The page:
"It's a chance to set the tone for how this kind of policing is done," Wasserman said of the job's appeal. "Montgomery is reflective of a very large portion of our country. And it is near Washington, which is significant."

Montgomery officials didn't just keep their discussions with Moose private, they treated the whole process that way.

They reserved conference rooms to conduct interviews in the names of fictitious groups, such as Montgomery County Community Outreach. When they needed hotel rooms in Montgomery -- or even on the West Coast, where they interviewed five candidates -- they had low-level employees book the rooms. They did not process bills accrued during the search for fear a candidate's name might appear on a receipt. Only four Montgomery officials were involved -- including Duncan -- and none made notes of scheduled interviews on desktop calendars for fear word would leak out.

"Most of the people you want to hire are happy where they are," said Chuck Wexler, executive director of the Police Executive Research Forum, which conducts chief searches. "Anyone who's been involved in this process knows it's an obstacle course from beginning to end, and the prospect of getting the job is not high."

Soon after Watson made her pitch, Montgomery officials followed up through personnel director Marta Perez, formerly of the International Association of Chiefs of Police. She set up a meeting at Reagan National Airport on April 6. Moose was scheduled to fly to Washington that day for a federal Bureau of Justice Assistance conference.

His flight to Washington was late, his bags were lost, and he was distracted as he talked to Romer at the airport T.G.I. Friday's. Moose recalled, "I was a little disjointed, but it was positive enough for us to have substantive meetings."

"I asked him at the end if we could consider him a candidate," Romer said. "He said yes."

In some ways, Moose has been a reluctant candidate his whole professional life. Growing up in a small town 40 miles south of Greensboro, N.C., Moose attended segregated schools through the sixth grade. He chose to attend the University of North Carolina at Chapel Hill over several historically black colleges in the state, moving into the dorm his first day of college without having visited.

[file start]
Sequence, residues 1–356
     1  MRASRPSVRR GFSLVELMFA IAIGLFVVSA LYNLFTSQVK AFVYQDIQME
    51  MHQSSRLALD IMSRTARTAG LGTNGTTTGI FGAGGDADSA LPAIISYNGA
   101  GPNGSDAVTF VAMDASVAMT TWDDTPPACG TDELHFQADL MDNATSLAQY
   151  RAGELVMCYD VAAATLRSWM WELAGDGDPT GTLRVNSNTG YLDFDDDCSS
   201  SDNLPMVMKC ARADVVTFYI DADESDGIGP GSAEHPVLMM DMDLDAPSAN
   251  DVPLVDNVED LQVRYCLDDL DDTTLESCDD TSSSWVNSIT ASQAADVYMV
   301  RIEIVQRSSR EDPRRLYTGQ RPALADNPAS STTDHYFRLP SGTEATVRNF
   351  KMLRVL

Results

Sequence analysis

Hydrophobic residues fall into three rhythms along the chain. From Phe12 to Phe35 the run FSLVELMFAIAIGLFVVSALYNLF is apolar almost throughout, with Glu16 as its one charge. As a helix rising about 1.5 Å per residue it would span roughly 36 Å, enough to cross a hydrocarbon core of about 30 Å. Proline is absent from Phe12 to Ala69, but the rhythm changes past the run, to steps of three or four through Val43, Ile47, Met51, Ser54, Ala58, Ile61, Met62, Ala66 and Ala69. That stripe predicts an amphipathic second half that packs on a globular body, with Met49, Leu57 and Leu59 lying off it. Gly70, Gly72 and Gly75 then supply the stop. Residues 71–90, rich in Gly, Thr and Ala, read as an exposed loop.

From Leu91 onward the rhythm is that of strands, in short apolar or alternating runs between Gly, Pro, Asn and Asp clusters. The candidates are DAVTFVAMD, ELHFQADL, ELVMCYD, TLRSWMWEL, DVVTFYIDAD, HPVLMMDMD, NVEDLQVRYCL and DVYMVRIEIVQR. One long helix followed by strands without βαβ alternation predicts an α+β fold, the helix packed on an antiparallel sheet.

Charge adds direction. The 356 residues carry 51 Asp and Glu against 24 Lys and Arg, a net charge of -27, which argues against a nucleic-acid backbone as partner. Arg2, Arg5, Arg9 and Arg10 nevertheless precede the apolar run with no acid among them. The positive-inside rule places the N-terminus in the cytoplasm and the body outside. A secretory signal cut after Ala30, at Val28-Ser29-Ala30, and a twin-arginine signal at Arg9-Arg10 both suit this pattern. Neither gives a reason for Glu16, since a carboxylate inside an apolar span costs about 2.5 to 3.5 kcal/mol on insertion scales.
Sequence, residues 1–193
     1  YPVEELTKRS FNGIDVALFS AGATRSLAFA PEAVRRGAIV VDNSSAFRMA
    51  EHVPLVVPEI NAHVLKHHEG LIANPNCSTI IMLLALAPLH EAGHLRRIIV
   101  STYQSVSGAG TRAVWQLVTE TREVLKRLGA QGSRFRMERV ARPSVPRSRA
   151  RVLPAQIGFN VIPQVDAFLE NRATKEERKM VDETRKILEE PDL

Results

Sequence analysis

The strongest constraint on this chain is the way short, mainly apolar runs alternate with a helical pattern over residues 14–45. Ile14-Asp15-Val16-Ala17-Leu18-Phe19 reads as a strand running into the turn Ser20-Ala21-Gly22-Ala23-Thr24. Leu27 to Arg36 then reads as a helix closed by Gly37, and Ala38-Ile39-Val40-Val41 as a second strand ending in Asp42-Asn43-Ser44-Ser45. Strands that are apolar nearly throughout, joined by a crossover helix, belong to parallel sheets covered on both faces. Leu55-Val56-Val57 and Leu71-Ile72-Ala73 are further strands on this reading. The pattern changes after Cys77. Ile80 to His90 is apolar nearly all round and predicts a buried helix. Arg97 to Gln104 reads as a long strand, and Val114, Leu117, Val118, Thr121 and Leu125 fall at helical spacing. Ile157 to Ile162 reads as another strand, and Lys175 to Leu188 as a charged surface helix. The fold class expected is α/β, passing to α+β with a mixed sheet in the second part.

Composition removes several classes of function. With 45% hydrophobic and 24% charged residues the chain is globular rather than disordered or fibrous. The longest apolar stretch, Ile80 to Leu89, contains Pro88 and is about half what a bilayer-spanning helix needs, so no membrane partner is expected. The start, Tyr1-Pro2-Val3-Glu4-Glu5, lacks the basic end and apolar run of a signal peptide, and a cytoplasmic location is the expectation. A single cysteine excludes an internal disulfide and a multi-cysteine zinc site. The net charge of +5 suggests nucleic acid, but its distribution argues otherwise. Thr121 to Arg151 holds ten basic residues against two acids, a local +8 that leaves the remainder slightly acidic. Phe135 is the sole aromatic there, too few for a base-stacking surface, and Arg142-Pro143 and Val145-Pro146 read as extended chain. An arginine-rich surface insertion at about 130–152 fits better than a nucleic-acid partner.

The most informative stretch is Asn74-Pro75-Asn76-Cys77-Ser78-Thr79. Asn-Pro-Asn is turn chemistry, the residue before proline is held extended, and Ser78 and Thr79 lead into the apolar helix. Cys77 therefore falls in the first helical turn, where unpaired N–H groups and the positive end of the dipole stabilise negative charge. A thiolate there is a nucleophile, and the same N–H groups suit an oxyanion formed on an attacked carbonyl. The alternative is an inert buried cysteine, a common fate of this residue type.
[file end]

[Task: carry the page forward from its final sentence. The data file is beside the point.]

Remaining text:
When Moose was a senior majoring in criminal justice, a professor and mentor, Reuben M. Greenberg, offered students extra credit to take a police qualification exam he had promised a friend he would help set up. Moose did, and after continuing an application process without being sure he was even interested, he was offered a job as a patrol officer in Portland upon graduation. He and Greenberg got out a map to find out where it was.

"He said, `You're 21,' " Moose recalled. " `If you don't like it, come back.' "

Taking the job in Montgomery will, in essence, mark his East Coast return. Moose has told council members that his first task is to win the respect of officials, his rank-and-file officers and a community with an uneasy relationship with the department. He will do so, he said, by increasing ethnic diversity in the ranks to make the force more closely resemble the community and by listening carefully to his line officers.

Moose is not expecting an easy start. Already he has heard from colleagues familiar with the Justice Department civil rights review that it will sharply criticize the department in places. He has asked federal investigators to delay releasing the results until he takes over the department.

"I think the word was . . . `You'll find Montgomery County real good and bad,' " Moose said of his conversation with others about the civil rights review. "And I was going, `Well, I'm not sure about all the bad.' And [my colleague] goes, `Well, rest assured, there's some bad.' "

CAPTION: Charles A. Moose rose from patrolman to chief in Portland, Ore.